In his lab, McGowan Institute for Regenerative Medicine affiliated faculty member Partha Roy, PhD (pictured), Associate Professor of Bioengineering, Cell Biology, and Pathology at the University of Pittsburgh, and his team are focused on studying how alteration in profilin (a G-actin binding protein that is important for actin cytoskeletal regulation and many actin-dependent cellular processes) expression and/or function impacts breast cancer metastasis and angiogenesis. In this overall context, they explore novel post-translational modifications of ABPs and how these modifications impact protein function and actin-dependent biological processes.
Aberrant angiogenesis, the unwanted and destructive formation of new blood vessels, is associated with several eye diseases that can cause blindness, such as diabetic retinopathy, wet age-related macular degeneration, and retinopathy of prematurity. Dr. Roy is a co-principal investigator on the proposal which will examine molecules for preventing and investigating aberrant angiogenesis in the eye. This 2-year project was funded by the National Eye Institute. Other co-principal investigators are Donna Huryn, PhD, David Ryan Koes, PhD, and Andrew VanDemark, PhD.
The project summary/abstract follows:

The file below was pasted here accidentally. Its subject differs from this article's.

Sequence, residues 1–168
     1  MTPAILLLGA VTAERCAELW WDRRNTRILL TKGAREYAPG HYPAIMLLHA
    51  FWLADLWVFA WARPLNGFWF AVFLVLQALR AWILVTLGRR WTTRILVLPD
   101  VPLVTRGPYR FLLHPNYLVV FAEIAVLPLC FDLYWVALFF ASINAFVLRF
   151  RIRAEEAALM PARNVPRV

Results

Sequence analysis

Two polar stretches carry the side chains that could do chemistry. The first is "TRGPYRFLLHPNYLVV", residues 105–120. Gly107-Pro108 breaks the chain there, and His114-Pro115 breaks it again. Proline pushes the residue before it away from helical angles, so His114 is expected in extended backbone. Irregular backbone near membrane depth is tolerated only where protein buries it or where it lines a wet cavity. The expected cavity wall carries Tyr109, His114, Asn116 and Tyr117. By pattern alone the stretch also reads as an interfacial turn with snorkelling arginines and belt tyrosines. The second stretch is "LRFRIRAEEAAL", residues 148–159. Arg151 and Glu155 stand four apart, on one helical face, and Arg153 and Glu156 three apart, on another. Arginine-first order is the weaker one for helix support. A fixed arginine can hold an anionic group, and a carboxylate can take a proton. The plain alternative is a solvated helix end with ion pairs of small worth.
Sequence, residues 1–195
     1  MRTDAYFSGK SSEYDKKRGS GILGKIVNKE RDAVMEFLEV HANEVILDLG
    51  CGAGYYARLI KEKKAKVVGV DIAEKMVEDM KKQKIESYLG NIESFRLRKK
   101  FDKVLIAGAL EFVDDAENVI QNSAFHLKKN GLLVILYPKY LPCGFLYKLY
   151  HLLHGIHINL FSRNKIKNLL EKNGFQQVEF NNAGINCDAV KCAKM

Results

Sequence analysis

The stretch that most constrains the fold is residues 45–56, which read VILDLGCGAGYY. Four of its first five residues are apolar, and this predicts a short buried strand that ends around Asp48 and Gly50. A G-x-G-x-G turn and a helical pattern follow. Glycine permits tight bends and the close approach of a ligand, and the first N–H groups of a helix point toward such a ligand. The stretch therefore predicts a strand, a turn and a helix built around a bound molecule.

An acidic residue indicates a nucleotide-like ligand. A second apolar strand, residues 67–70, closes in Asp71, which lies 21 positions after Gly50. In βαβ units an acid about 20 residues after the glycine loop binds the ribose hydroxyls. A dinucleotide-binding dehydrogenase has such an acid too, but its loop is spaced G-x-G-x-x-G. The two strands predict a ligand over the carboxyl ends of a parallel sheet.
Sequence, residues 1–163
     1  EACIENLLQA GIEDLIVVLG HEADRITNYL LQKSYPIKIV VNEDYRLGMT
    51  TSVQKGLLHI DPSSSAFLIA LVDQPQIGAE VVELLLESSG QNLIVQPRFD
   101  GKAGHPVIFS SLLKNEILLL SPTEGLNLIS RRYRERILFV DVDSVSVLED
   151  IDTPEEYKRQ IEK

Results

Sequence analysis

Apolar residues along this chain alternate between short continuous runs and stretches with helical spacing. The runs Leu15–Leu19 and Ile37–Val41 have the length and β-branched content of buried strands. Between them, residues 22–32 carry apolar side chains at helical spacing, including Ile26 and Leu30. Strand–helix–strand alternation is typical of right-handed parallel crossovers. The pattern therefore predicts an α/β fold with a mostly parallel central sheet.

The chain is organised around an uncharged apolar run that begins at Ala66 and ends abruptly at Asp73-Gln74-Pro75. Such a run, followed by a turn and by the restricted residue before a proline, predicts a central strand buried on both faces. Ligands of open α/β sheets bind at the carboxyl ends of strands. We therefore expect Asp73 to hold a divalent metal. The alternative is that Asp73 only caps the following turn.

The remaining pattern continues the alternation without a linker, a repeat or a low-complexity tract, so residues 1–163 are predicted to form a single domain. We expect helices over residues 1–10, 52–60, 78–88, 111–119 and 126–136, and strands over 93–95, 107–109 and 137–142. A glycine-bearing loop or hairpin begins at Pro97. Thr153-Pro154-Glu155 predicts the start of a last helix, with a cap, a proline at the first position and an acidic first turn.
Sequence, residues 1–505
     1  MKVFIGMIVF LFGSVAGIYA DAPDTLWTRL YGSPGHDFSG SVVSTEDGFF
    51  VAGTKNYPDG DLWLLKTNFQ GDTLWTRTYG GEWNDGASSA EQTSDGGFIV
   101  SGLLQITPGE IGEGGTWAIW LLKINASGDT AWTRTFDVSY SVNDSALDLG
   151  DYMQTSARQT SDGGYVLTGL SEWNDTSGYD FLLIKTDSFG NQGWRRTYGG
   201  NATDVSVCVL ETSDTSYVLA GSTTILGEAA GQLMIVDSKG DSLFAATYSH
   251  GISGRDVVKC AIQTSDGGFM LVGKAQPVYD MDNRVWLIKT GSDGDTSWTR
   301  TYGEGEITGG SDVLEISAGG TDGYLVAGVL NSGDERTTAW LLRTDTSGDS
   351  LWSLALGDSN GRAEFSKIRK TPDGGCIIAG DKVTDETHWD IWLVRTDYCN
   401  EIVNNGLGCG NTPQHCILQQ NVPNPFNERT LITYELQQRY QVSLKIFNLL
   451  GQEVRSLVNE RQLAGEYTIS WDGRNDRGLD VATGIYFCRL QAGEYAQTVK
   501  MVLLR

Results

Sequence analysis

Proliferative diabetic retinopathy, wet age-related macular degeneration, and retinopathy of prematurity are all diseases of the eye that can lead to blindness and are due to abnormal development of retinal or choroid blood vessels. Although intravitreal anti-angiogenic therapies targeting vascular endothelial growth factor signaling are generally effective for these diseases, spontaneous or acquired resistance is a significant problem and points to the need for high-quality cell-based chemical probes for interrogating angiogenic pathways and developing alternative therapies. To address this unmet need, we propose developing high-quality cell-based chemical probes for the profilin1 (Pfn1)-actin protein-protein interaction. Pfn1 is critical for angiogenesis as it plays a vital role in the dynamic remodeling of the actin cytoskeleton in response to angiogenic signals. We have shown in numerous contexts that inhibition or suppression of Pfn1 leads to reduced angiogenesis and have recently demonstrated that inhibiting Pfn1 reduces the formation of new blood vessels in both ex vivo and in vivo models of retinopathy. We have already identified a validated hit compound that inhibits the Pfn1-actin interaction in biochemical and cell-based assays and confirmed its target engagement in cells. To increase the potency of this inhibitor while maintaining drug-like properties, we will employ an iterative optimization process that will be guided by our structural and cheminformatic models and by the structure-activity relationship that will be developed around the key points of variation during each iteration of compound selection, synthesis, and biological testing. Derivatives will be evaluated in a gated assay cascade to determine their binding affinity for Pfn1 and activity in cells. This iterative process aims to identify an inhibitor of the Pfn1-actin interaction with sub-micromolar potency in both biochemical and cellular assays. Compounds that meet well-defined criteria for novelty and potency in our first round of assays will be validated in the second series of assays to confirm target engagement, selectivity, and other functional utilities (e.g., synergy with an anti-VEGF agent and barrier-function modulatory agent). Successful completion of these studies will result in a potent and specific inhibitor of Pfn1-actin for studying the role of Pfn1 in aberrant angiogenesis and may ultimately lead to a clinical candidate for the treatment of eye disease.